During an uncharacteristically quiet moment in “John Wick: Chapter 3—Parabellum,” the hero seeks out The Director, a mysterious crime boss who’s played by Anjelica Huston. She’s protected him in the past, but now she’s dismayed that he’s on the run, with a $14 million bounty on his head. “All of this for what?” she asks. “Because of a puppy?” “It wasn’t just a puppy,” he insists.
But it was. By now John Wick, the contract killer played by Keanu Reeves, has endured countless insults to his body and psyche. At one point in this terrific new film he runs at full tilt as if the several knives stuck in his back were only acupuncture needles. But all the mayhem did begin, in the first film five years ago, with a puppy—an adorable little beagle named Daisy, delivered to his door as a present his wife arranged before her death. Daisy brought new love into John’s life until thugs from a Russian crime syndicate invaded his home, killed his puppy and almost did him in.
Dogs figure significantly in the series. Wick got a new one in the second installment, a beautiful pit bull with no name. This film also features ferocious attack dogs owned and operated by Halle Berry’s Sofia, another assassin who lives in Moorish splendor Casablanca. I’m dwelling on the subject, you understand, because my own dog, Skeezix, is mortally ill after filling my life with joy for the past 16 years. So I worried about Wick’s love of dogs, and all the talk about them, getting in the way of my enjoying the film.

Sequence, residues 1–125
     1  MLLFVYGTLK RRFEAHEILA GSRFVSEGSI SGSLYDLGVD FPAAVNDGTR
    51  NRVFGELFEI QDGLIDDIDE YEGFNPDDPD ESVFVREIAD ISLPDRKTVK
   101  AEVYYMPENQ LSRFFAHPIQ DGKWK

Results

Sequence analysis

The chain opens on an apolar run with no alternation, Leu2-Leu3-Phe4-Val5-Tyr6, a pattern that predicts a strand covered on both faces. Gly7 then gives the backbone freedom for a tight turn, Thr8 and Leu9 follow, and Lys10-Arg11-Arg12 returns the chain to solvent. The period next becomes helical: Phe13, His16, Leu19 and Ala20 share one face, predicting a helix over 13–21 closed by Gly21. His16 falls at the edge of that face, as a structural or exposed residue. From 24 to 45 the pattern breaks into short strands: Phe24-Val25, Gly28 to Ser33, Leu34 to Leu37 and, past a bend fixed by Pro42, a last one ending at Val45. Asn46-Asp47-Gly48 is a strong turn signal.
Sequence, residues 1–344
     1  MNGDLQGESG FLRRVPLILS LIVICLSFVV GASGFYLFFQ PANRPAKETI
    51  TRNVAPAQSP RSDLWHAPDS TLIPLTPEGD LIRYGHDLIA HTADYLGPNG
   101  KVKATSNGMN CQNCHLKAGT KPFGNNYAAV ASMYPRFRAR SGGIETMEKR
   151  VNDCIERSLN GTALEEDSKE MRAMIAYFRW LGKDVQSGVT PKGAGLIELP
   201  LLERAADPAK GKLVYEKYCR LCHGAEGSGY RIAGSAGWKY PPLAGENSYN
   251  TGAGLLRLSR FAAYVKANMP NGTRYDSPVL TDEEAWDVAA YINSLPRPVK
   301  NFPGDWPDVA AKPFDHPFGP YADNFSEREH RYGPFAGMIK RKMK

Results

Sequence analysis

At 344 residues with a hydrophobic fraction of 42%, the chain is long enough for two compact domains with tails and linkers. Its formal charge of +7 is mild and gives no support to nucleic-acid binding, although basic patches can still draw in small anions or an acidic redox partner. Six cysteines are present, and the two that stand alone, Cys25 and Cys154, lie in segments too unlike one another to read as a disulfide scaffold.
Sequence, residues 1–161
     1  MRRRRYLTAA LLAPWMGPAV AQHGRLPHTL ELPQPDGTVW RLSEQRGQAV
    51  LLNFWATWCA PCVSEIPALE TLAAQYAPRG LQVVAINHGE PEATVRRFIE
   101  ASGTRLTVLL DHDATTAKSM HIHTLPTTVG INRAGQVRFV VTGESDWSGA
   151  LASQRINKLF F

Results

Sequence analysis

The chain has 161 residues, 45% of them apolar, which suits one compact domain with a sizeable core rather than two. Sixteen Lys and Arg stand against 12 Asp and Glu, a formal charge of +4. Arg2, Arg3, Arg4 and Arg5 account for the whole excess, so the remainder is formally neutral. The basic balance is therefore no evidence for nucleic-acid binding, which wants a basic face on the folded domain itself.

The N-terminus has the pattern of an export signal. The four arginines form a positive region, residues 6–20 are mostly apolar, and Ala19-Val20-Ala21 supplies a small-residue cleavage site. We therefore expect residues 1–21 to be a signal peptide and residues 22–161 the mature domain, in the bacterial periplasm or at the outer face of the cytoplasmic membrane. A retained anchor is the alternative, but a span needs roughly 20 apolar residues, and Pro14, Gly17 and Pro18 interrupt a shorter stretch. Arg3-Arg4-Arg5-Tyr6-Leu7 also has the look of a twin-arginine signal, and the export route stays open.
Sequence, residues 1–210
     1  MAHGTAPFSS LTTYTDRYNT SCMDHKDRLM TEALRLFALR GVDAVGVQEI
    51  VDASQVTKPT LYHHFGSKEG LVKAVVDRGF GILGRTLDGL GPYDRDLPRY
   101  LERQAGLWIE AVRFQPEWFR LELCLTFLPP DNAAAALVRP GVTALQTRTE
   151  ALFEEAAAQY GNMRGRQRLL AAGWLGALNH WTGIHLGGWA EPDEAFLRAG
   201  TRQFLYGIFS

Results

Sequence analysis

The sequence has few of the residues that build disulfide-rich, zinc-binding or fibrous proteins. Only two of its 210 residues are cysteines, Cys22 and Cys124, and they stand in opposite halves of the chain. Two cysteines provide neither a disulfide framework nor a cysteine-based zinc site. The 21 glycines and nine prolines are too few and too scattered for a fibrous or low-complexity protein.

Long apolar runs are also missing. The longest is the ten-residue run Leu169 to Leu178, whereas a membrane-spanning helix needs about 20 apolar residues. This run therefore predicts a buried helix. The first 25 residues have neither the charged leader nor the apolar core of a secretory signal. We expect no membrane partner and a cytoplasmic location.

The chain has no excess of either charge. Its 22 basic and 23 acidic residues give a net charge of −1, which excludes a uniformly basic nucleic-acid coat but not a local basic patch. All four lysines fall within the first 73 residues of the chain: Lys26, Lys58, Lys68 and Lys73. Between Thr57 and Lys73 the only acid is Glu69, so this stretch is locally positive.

That wasn’t the case, though, for reasons having more to do with movies than with man’s best you know what.
I’d admired the previous John Wick sagas for the elegance of their action sequences, even though I never felt much of anything about the supremely efficient and perfectly impassive killer at their center. Same thing this time. I felt nothing about him or his dog, and next to nothing, for a couple of hours, about mine. And that wasn’t a bad thing, it was liberating thing—a refresher course in the nature of escapist entertainment.
The pleasure of these spectacles springs from the purity of their artificiality. Dogs, horses, antique weapons, exotic cars, the intricate rules of an assassins’ guild: They’re all accessories and appliances in a rapturous dream of perpetual motion.
The best action stuff in “John Wick” takes you totally out of yourself. A fight in a library gives new meaning to the notion of bookish. A fight in a stable sets up hoofish expectations, then fulfills them. In a sensational sequence on an East River bridge, columns of com-batt-ants on motorcycles battle one another with swords.
It is, every bit of it, the cat’s meow. I’m Joe Morgenstern. I’ll be back on KCRW next week with more reviews.